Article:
A Mythical Credit Card Inspires an Outsider’s Photos of the 1 Percent
For years, one of the greatest urban myths among the filthy rich was the rumor that American Express offered its most esteemed customers an invitation-only credit card with perks to die for. It wasn’t true, of course, but the myth grew so large that the company finally launched the Centurion card in 1999. Photographer Brian Ulrich so loved the story that he named his latest project, which examines the lives of the 1 percent, Centurion.
“I love the idea that perhaps [American Express] had these powerful clients saying, ‘I want this card that’s going to give me all-access to whatever all-access means,” says Ulrich. The project takes viewers from the shops of Beverly Hills to custom-built castles across the United States—all in a quest to examine what Ulrich describes as this “strange mythology [of luxury].”
The idea started percolating in 2006, when Ulrich attended a VIP gallery event in Switzerland and glimpsed the art world’s elite. He grew fascinated by the abstract idea of wealth and power, but couldn’t make it work until one rainy night in 2012. He was taking pictures on 57th street and happened upon Tiffany’s closed, vault-like doors. He found them grand and foreboding, and realized he was completely shut out, physically and metaphorically. He realized that luxury had a certain aura, a certain feel, best photographed from an outside perspective. “I’m really looking at this wealth and privilege that’s being presented to culture all the time, that comes with the caveat, ‘Look but don’t touch,’” he says.
Ulrich has gone on to photograph upscale window displays in New York, Beverly Hills and Chicago with his 8×10 view camera. A photograph taken at Cole Haan in Chicago shows undressed mannequins seemingly fighting over ballet flats in autumnal shades; another captures a glittering curtain of Swarovski crystal. It seemed natural to photograph the shoppers, too, so Ulrich finds an interesting backdrop, sets up shop on the sidewalk, and asks them to sit for a portrait. The images often seem larger than life, like the woman proudly drawing her shoulders back as she poses with diamonds and a Louis Vuitton bag.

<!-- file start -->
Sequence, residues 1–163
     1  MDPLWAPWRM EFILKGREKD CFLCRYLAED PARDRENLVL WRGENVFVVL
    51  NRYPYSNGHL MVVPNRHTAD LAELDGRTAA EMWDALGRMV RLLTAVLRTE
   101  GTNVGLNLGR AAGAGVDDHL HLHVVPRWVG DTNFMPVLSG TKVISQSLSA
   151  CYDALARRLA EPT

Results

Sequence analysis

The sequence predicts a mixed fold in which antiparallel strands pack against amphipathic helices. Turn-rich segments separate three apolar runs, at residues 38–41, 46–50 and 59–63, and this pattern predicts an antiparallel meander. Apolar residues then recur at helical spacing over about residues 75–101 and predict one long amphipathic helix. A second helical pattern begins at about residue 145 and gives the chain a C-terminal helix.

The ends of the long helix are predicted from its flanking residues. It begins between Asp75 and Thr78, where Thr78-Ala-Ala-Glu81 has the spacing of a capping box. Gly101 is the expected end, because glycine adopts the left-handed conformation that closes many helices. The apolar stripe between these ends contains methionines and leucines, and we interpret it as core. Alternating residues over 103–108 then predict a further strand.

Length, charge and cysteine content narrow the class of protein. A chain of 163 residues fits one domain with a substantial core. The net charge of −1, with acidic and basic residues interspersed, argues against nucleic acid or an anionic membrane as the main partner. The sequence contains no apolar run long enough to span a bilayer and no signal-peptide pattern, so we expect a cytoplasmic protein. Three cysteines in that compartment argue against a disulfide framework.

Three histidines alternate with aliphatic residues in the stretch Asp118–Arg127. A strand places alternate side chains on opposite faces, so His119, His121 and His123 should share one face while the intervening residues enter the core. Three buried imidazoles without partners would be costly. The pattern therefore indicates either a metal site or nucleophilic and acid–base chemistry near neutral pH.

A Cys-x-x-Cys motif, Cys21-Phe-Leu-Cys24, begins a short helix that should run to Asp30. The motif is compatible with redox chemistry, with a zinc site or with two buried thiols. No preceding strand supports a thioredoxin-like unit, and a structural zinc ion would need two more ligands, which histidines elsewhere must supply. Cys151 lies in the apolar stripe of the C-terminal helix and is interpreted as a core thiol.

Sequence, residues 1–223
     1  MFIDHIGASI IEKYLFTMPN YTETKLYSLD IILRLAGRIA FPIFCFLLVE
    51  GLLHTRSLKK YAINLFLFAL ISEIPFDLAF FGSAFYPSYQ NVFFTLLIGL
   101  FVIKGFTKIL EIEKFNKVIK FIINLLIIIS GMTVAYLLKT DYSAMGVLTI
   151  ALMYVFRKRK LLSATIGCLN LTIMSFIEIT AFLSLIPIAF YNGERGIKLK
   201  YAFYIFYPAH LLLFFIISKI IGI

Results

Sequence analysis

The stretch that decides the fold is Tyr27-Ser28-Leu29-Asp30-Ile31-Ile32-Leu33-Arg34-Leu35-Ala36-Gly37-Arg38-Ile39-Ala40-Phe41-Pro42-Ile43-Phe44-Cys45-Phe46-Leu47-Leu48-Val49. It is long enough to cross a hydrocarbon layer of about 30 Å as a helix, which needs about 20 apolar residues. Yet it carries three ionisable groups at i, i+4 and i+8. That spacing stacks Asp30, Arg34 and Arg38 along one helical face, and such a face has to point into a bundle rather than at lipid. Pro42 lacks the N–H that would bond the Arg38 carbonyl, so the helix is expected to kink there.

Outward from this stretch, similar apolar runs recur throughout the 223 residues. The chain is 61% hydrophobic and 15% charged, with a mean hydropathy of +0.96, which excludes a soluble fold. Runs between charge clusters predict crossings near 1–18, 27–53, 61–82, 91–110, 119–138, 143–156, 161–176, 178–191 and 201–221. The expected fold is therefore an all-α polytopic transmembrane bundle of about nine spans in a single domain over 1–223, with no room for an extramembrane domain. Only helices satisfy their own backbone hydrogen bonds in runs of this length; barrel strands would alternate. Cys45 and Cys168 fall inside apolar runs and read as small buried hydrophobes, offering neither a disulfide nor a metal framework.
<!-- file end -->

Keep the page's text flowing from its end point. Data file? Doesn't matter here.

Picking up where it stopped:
Later, Ulrich turned toward the trend toward McMansions that resemble castles. Extensive research online led to some homeowners only too happy to have him photograph their humble abodes. “A lot of people were really excited to have someone come and photograph them,” he says.
Through it all, Ulrich can’t stop questioning the old adage that money can’t buy happiness. Once in New York, a cloud blotted out the sun just as he was about to photograph a shopper. The woman had nowhere in particular to be and graciously waited 25 minutes for the cloud to pass. “She was in this really zen, wonderful, meditative state,” he says. “I realize I don’t know much more [about her] than the photograph can tell us, but there really is this idea that there’s a certain kind of reality she exists in that is so overwhelmingly different than other people’s.”
Regardless of whether you can spend your way to happiness, money certainly holds the tantalizing promise of comfort and power. Perhaps that is why so many find it so enticing. “There really is something about this that I can’t put my finger on, but I start to feel my own little tug, because we’re all programmed to desire and be envious,” he says. “That’s how this whole thing works.”
The Centurion is on display at the George Eastman House until February 16, 2016.
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